Ireland’s Magdalene Laundries: Time To Put An End to the Continued Abuse

Almost six months ago the Irish Human Rights Commission (IHRC) published its Assessment of Justice for Magdalenes’ (JFM) inquiry application documenting human rights violations in Ireland’s Magdalene Laundries.  The IHRC recommended that the State should “establish a statutory mechanism to investigate the matters advanced by Justice For Magdalenes and in appropriate cases to grant redress where warranted.”
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The IHRC Assessment details the state’s historic failure to adequately protect the women and young girls from abusive conditions, specifically from wrongful and unlawful detention, inhuman and degrading treatment, and forced labour and servitude.  It also recognizes the importance of restorative justice for aging and elderly women.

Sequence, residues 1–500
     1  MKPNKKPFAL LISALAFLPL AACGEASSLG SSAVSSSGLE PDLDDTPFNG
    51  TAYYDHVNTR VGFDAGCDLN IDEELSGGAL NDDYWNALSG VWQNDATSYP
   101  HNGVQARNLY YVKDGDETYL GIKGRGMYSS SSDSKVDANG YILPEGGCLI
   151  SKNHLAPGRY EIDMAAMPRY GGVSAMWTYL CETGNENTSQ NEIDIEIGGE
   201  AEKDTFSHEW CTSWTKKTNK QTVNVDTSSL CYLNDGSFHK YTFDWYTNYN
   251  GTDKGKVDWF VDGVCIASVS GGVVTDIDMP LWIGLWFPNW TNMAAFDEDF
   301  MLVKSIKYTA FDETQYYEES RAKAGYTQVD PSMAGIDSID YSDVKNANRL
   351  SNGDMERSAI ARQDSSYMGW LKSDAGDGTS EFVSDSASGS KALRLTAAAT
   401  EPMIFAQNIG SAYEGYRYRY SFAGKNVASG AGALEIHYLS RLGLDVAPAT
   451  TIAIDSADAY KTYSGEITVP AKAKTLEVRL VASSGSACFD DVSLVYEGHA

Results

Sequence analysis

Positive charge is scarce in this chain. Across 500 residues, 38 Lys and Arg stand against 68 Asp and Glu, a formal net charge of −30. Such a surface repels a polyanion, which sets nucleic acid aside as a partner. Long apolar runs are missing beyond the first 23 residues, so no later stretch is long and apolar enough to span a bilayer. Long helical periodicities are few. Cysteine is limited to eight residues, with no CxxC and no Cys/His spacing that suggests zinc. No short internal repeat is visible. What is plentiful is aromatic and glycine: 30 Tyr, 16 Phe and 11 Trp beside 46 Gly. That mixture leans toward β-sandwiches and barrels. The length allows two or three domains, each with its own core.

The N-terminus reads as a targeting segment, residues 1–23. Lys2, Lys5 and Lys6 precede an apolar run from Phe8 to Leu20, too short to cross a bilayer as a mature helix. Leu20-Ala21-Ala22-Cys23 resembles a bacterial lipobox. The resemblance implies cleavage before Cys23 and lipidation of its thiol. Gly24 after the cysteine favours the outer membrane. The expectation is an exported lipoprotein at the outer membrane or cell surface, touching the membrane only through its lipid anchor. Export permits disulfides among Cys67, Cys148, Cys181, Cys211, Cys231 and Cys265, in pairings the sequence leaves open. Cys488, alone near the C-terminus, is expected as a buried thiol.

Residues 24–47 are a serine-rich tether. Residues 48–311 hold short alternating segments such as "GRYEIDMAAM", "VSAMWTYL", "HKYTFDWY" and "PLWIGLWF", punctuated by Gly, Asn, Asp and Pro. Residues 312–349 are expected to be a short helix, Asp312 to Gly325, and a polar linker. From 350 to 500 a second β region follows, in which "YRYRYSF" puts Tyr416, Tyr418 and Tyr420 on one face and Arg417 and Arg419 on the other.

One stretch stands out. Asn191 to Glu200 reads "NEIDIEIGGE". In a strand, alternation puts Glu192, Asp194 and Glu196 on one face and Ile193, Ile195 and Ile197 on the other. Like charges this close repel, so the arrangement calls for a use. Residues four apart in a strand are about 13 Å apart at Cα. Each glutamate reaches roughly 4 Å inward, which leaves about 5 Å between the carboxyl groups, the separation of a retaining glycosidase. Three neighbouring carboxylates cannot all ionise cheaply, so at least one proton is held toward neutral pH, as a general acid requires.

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No one in Irish society has apologized to these institutional abuse survivors.  The Laundries were not included in the Residential Institutional Redress Act 2002.  These women, as a result, were excluded from the Residential Institutions Redress Board.  They are, simply put, the Nation’s disappeared—abandoned and forgotten in the present as in the past.What will it take for our Nation’s politicians to act on the IHRC’s conclusions and provide restorative justice for some of Ireland’s most marginalized citizens?